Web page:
True, and many of the claimants claimed they lost money because they "fixed" high with a swap and then rates fell. The exact same thing would have happened using a fixed rate term loan so only those that can legitimately make a claim that they didnt understand it only fixed the base rate, not the margin, would have any argument for a claim.

Well even in those circumstances the claim would have to hinge on the Bank doing a poor job,  there is no rule saying that people have to be protected from bad decisions or poor investment choices, or even entering contracts which they don't understand.

What needs to be proven is that the bank took advantage of these people, that the bank didn't properly have the risk information available (which I think is what the real case hinges on), that the bank _knowingly_  allowed & even _encouraged_ people to sign knowing that those people didn't understand what they were signing and didn't have proper financial explanation and that the customers hadn't waived that right (that the banks representatives didn't adaquately explain the product or the risk and often didn't understand it themselves, and got people to sign because bank said "sell this" to reps and the reps didn't check that they had either sort appropriate levels of advice for this risk category or knowingly waived their right to seek independent advice)

Enforceable undertakings are just that. the proposition that they mean less as not gone past the judge is a poor one.
however the thinking behind such PR/image driven chatter is well recognised the world over:
http://www.zerohedge.com/news/2014-12-02/uk-regulator-shocked-slapping-banker-wrists-achieves-nothing
 

http://nzh.tw/11368042  If you want to see the settlement agreement between ANZ and FMA scroll down the bottom of this link.
 
The settlement is based on Com Com finding banks breached the Fair Trade Act by selling a product through misleading conduct, therefore miss selling.
The FMA breaches were in relation to security disclosure documents or lack of them.
Agree with you Stephen the amount 19 m is paltry, considering the impact on rural business
Cowboy, the argument as in the UK is around sophisticated and unsophisticated borrowers.
Many of the Bank staff pushing the sell didn't even understand what they were doing., let alone the farmers.
Some farmers were told if they didn't accept the product, the bank will have to review the business relationship, in other words DCM
Incentivised lending at its worst. The banks relied on past relationships and farmers trusted their banks.
Swaps selling was Charlie Grahams baby along with Turley and Rural growth Funds, another missold product with serious consequences.
The bank did take advantage, sold Swaps as " fixed rates with benefits" Talking up the interest rate at the same time scare mongering.
There is a law that consumer can not be mislead or miss sold a product has to be "fit for purpose"
 
 
 

Here's what Labour's Damien O'Connor has to say on the ComCom-ANZ deal;
ComCom gutless and ineffective when it comes to protecting Kiwis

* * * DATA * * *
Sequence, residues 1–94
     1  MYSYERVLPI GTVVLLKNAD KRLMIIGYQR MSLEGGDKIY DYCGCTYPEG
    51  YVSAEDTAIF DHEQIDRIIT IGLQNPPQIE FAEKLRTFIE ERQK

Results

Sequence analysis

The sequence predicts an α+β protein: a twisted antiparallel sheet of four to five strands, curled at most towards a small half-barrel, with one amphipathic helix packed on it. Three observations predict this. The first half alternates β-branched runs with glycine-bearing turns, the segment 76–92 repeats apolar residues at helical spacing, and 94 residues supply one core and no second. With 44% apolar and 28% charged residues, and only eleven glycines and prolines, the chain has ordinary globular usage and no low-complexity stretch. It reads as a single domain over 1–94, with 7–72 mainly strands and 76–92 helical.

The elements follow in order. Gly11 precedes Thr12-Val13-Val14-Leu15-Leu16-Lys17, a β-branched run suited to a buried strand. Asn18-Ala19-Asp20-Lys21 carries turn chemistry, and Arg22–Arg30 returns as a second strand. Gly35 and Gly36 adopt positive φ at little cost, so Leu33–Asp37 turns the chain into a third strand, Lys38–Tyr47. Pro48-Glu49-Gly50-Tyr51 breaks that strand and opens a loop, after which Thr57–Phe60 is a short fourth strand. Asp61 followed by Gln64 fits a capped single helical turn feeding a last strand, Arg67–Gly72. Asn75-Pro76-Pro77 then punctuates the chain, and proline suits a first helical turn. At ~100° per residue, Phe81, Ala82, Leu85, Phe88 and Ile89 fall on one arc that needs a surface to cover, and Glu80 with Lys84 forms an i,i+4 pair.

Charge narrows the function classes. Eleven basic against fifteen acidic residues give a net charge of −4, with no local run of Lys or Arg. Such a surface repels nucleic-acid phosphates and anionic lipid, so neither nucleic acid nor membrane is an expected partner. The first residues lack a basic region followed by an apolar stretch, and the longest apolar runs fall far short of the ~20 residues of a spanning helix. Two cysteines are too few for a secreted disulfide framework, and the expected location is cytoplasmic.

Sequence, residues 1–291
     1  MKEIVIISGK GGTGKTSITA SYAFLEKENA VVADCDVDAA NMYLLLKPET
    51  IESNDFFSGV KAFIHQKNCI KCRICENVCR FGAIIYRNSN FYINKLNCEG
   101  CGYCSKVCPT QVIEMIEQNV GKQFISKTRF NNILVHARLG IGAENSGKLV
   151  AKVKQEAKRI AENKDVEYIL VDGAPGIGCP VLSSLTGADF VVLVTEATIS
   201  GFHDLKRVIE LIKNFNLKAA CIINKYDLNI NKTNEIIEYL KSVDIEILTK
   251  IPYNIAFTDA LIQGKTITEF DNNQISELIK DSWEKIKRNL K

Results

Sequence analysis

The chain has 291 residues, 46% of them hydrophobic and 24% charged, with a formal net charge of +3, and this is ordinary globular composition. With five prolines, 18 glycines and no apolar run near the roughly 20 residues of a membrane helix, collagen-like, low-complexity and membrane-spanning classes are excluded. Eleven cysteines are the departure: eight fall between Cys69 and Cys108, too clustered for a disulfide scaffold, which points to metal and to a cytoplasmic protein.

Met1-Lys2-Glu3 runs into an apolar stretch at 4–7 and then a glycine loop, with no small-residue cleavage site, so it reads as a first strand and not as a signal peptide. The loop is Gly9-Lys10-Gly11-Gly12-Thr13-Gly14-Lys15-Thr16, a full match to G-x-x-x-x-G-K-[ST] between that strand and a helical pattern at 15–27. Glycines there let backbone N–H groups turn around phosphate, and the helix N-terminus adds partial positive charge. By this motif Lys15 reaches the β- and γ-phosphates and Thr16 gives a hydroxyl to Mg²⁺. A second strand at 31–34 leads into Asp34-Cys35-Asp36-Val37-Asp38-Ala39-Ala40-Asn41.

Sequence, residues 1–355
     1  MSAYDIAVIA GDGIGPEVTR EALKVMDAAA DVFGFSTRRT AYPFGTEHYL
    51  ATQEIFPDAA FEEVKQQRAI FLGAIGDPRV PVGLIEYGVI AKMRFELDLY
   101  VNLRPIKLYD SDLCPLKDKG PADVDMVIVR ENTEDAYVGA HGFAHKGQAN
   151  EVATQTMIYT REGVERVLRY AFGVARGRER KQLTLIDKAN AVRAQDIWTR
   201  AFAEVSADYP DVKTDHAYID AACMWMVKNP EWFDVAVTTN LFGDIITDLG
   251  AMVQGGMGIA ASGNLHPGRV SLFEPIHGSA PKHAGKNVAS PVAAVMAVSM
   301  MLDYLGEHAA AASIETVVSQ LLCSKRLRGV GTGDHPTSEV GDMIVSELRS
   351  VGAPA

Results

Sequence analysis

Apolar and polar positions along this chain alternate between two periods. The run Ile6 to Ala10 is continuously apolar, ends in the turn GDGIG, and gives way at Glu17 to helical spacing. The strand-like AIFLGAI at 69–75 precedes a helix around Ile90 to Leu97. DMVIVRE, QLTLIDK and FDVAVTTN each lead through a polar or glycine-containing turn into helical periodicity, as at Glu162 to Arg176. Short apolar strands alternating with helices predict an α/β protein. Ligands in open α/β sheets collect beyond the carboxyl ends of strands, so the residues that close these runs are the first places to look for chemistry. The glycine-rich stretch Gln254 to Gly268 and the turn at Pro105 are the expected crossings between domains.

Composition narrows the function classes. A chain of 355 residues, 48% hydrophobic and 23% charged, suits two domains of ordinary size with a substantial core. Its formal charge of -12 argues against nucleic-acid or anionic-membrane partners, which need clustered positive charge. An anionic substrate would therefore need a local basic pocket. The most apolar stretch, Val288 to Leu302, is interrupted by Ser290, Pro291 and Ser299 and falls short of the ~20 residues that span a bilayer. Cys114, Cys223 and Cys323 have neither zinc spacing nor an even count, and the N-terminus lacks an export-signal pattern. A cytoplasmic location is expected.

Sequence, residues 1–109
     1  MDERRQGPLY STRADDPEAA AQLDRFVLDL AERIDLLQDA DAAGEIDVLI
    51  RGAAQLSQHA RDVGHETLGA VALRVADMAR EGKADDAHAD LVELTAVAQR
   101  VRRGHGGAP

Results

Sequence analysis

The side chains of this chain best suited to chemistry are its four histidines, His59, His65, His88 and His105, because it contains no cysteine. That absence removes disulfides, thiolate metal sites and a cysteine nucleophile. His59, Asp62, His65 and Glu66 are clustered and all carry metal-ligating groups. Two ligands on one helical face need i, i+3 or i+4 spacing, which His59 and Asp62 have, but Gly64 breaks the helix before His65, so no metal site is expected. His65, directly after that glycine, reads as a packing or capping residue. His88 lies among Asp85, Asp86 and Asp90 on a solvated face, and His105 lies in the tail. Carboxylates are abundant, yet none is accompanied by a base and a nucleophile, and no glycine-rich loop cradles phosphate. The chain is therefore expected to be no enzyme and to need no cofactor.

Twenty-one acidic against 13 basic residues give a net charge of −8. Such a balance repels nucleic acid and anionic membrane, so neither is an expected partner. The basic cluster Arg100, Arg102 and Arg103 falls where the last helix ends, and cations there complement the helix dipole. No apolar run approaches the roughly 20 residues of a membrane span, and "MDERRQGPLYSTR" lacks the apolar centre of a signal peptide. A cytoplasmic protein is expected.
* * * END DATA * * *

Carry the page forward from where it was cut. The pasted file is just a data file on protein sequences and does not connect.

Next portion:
The Commerce Commission’s announcement that it had reached an agreement with the ANZ bank over swap loans is both sad and cynical, Labour’s Primary Industries spokesperson Damien O’Connor says.
“The Commission has found failings by the bank but then lets them off the hook with a paltry $18.5 million payment for total absolution. Even Mother Teresa would struggle with this level of forgiveness for a bank that between 2005 and 2009 pocketed $6 billion in pre-tax profits.
“They have eliminated any possibility of a further investigation into the selling of millions of swap loans by the ANZ to New Zealand farmers between 2005 and 2009.
“The Commission has proved once again it is too gutless to take on the big boys. This decision fails to expose a practice that misled farmers into taking loans with unknown and hidden costs, leaving thousands out of pocket.
“The supermarkets walked away free, Chorus continues to overcharge for access to its copper network and the banks will now carry on milking farmers. The Commission needs to grow a pair or move over for an organisation that will act on behalf of hard working Kiwis, not the corporate giants.
“Many farmers were prevented from coming forward by confidentiality clauses in bailout packages when banks realised they were going to have to explain their swaps selling practices.
“In both the UK and Australia banks have been held to account for practices that were deemed misleading and unethical for lenders and investors who were ill equipped to understand these complex financial products. New Zealand has failed to do the same,” says Damien O’Connor.

Lest we forget. There is a post-script to that
 
Back in 2009-2010 at the height of this saga, one Janette Walker, who was destroyed by this was a regular contributor to these pages, expressing her pain, until the day she capitulated and had to give up. Lost her farm completely
 
She rates a mention by Bernard Hickey in his daily bulletin with Marcus Lush
 
The decision is worth approximately $96,000 (average) per farmer
 
Hardly touches the sides